Output file size - what am I doing wrong?

Hi all - this is going to be a stupid question, but I can’t figure out what I am doing wrong here/

I have a dashcam in my car, as does a friend of mine in Europe (I live in Canada). Occasionally, as we are both ‘car guys’, we record drives through some interesting scenery and send them to one another for some fun and entertainment. My issue is that I usually combine the clips with Shotcut (my dashcam records in 5 minute long clips) into one large movie file and then upload it…all well and good.

HOWEVER, when I check the size of the 1080p dashcam clips straight from the camera, the total for all files may be, let’s say, 4.5GB. However, once I put them in Shotcut to combine them and export them as one file using the Youtube preset, the size shoots up to something like 10GB…same length of time, same 1080p quality, same audio quality, but why is the size doubled for the same quality content…?

Can anybody help me out with this conundrum? Thanks for any comments and suggestions! :slight_smile:

Your dashcam video comes off the camera compressed.
When you edit and re-encode, you are decompressing then re compressing.
If the re compression and codec settings are similar then you will get a similar data size result, if they are not then you won’t.

If you are posting to YouTube, try the YouTube preset.

As mentioned, I DO use the Youtube preset. As far as I know, the settings for the Youtube codec are similar to what is on my camera? Is there any way to get Shotcut to re-encode with a setting such as ‘use same format as original’ to have it re-encode in the same settings as the original clips?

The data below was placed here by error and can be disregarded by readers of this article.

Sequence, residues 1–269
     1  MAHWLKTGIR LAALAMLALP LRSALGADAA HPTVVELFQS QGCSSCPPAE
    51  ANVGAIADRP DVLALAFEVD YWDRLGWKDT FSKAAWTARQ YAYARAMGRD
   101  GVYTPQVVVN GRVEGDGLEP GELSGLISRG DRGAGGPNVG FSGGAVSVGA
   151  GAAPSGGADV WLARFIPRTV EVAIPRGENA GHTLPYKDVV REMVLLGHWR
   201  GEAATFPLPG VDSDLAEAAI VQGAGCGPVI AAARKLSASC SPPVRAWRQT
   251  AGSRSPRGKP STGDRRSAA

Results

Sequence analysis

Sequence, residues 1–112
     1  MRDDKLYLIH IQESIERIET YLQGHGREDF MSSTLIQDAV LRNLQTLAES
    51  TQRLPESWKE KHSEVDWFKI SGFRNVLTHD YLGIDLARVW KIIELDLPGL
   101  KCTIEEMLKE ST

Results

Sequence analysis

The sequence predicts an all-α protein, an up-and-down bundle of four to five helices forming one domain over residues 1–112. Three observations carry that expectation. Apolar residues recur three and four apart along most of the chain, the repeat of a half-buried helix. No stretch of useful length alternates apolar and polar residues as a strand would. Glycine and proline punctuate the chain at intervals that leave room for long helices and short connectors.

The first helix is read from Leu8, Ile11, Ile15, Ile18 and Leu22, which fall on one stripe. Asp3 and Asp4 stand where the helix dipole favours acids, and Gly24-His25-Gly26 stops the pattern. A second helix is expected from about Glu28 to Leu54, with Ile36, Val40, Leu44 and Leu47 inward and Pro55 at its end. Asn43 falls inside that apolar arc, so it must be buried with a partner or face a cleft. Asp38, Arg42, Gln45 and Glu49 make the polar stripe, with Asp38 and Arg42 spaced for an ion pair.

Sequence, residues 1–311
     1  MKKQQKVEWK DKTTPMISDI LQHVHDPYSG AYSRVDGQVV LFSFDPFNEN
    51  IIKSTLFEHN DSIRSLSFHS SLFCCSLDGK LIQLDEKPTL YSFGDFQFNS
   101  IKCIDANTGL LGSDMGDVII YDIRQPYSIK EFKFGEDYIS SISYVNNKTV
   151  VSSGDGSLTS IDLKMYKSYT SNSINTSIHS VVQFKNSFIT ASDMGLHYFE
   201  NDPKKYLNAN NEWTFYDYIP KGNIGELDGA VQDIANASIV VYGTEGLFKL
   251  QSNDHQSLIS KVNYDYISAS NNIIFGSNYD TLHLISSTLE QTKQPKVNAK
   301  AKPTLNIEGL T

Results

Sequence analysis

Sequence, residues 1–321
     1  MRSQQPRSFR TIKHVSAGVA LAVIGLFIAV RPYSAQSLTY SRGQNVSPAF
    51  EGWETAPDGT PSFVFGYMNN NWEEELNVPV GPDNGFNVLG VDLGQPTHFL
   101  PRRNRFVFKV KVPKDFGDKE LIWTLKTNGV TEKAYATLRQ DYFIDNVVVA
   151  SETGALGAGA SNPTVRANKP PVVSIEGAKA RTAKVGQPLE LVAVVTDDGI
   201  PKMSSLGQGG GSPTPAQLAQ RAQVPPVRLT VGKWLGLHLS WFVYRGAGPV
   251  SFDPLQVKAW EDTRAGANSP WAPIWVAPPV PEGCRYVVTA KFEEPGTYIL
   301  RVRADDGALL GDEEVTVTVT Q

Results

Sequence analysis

Sorry, eyes skipped.

Not specifically, but you could use MediaInfo to find a more accurate description of the source file properties and use that to set your output encoding settings.

As an after thought, can you supply a sample of the source video for me and others to try?

I just deleted the ones I had combined with Shotcut but I can pull another clip off my dashcam card in a bit…each clip is something like 400MB each at 5mins each. I’ll upload one to Google Drive to link to you in a few!

Clip sample as requested: https://drive.google.com/open?id=1Pt9_gvd4ptQEM37IPyPiyWOpT-OXq76T

Thanks, but if I load your 468Mb file into Shotcut then export directly to MP4 with h.264 codec I get a smaller file.


I set Shotcut to ‘Automatic’ before importing any files.
I choose mp4 from the Format dropdown.

I use this setting for Youtube all the time without any issues at all.
(Remember YouTube will re-encode anyway)

Not sure what you mean by setting it to Automatic?

First thing I do when I open Shotcut is just select the open file menu and select all my clips?

He means set your video mode to automatic.


I did the same export that @Steve_Ledger did and got the same results. The exported file is smaller than the original.


Mine is set to Automatic already then. So you both chose the clip, selected the Youtube export preset, set it to MP4 with the h.264 codec?

That is pretty much what I do as far as I know, except that I am loading several clips and using the ‘Add All To Timeline’ function to combine them all into one video to export. I still wind up with an export video that is larger than the sum of the original clips in terms of file size…not sure what is up! :S